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Mutsa Chiromo '19

Giving back is a way of life for student from Zimbabwe

Mutsa Chiromo '19 felt there was a story waiting to be told by Whitworth's African students. So in 2016, she started Shades of Africa, a female a cappella choir on campus.

"Our aim is to share the gospel through our cultural music to an audience that is not very familiar with our languages and genres of music," says Chiromo, a biochemistry major from Zimbabwe.

The choir also provides a way for Chiromo to give back. "I have used this opportunity to start raising money for organizations in Africa," she says. "We have managed to raise money for a group of missionaries in Ethiopia to purchase books to further their education, and we have also fundraised for a school in Zimbabwe."

Founding Shades of Africa and fundraising are just two of the many examples of Chiromo's leadership and service at Whitworth. She coaches students who need academic assistance at the Student Success Center, and she promotes health as a peer educator on the Health Education Action Team (HEAT). Last year, she served as president of the International Club.

This year she is volunteering at the Union Gospel Mission clinic, serving those who are homeless in Spokane while gaining experience for medical school. "This experience has been very meaningful because it has shown me a different side of life in the USA," Chiromo says. "Spending Saturday mornings with men experiencing homelessness has helped me to see them as individuals. I am glad that there is something that I can do to make this community feel more appreciated."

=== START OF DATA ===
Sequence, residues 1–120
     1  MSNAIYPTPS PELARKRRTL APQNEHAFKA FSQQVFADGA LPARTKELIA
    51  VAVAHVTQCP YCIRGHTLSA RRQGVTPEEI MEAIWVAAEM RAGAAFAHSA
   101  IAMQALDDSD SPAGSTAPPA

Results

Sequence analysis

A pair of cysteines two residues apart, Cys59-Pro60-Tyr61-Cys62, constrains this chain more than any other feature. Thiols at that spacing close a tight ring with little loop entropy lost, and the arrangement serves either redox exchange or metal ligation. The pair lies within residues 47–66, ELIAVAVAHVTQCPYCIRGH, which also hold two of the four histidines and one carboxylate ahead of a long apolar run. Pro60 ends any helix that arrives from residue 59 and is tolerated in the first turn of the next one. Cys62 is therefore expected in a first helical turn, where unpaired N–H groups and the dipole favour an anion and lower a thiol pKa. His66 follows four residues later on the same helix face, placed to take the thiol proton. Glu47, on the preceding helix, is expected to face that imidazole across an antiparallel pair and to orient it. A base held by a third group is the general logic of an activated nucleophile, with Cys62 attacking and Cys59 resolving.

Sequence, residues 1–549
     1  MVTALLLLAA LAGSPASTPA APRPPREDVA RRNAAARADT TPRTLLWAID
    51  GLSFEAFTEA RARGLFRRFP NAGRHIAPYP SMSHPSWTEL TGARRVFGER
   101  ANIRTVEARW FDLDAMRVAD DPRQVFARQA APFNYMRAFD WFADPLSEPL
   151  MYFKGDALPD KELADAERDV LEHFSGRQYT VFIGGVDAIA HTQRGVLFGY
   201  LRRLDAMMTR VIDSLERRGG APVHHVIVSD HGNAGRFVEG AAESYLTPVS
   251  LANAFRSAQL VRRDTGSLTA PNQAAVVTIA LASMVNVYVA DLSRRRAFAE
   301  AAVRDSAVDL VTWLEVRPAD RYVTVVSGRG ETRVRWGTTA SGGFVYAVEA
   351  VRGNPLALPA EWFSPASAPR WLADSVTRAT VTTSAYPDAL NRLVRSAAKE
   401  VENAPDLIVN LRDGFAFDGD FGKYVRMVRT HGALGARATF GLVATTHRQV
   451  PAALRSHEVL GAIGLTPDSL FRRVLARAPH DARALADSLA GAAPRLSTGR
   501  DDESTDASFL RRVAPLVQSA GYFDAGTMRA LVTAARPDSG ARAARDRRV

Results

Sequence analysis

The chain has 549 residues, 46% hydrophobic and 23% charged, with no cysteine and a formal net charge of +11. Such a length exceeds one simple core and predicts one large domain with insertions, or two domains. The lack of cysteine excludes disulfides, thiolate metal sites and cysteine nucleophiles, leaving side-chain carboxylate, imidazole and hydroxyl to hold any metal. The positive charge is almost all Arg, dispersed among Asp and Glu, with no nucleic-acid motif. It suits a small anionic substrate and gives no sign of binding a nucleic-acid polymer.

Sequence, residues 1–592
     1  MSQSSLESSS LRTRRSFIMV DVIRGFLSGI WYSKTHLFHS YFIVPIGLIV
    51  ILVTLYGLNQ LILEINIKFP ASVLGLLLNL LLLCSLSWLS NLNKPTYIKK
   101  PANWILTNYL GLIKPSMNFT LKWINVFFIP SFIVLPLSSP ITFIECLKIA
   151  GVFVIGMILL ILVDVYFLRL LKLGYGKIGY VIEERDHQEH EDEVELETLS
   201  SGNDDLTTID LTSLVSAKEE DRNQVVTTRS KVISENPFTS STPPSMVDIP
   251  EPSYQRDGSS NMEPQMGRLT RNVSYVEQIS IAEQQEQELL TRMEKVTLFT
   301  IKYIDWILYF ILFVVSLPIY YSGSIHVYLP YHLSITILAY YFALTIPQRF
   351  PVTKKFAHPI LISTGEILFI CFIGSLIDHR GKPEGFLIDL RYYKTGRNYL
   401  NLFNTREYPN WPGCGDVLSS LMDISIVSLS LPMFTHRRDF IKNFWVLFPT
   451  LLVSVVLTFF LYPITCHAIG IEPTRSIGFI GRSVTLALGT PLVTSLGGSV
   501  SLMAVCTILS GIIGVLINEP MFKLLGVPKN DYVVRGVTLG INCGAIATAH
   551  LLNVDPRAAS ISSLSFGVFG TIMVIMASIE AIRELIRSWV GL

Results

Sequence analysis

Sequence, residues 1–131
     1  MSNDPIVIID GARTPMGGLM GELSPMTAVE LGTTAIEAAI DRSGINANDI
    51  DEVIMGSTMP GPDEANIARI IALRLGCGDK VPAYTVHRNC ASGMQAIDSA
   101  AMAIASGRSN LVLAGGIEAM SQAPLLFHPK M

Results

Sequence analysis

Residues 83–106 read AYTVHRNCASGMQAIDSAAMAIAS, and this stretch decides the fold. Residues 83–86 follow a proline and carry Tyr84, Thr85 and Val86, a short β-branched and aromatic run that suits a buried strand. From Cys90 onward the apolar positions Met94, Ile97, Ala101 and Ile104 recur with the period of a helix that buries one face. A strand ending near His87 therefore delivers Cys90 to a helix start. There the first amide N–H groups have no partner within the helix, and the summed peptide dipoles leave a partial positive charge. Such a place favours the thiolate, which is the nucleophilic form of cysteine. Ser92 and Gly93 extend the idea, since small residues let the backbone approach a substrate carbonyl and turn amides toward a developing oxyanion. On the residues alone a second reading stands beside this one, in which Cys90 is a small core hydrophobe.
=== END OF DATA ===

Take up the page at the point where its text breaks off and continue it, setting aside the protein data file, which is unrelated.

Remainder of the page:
As much as she does on campus and in Spokane, Chiromo also makes time to support less privileged children in her home city of Harare. She started a fundraising initiative with her friends from home to support a school that brings children off the streets – the same school Shades of Africa has backed.

"When I visited the school, I was welcomed by two sheds that were falling apart due to the heavy rain and children who were kneeling on the wet soil as they wrote their schoolwork," Chiromo says. "I hesitantly asked the principal what the school needed to succeed, and he answered, ‘Anything you can give.'"

Her group started small, raising funds for books and stationery. "My hope is to continue supporting the students in the hopes that they can fulfill their dreams," she says. "I have been very humbled by this experience because it has taught me that the life I live is simply a gift that I did not work for."

Chiromo would ultimately like to become a doctor in Zimbabwe and perhaps turn her fundraising initiative into a nonprofit organization. "I always say that I want to start an organization as big as UNICEF one day," she says. "Wherever I am in life, I want to be giving back to my people."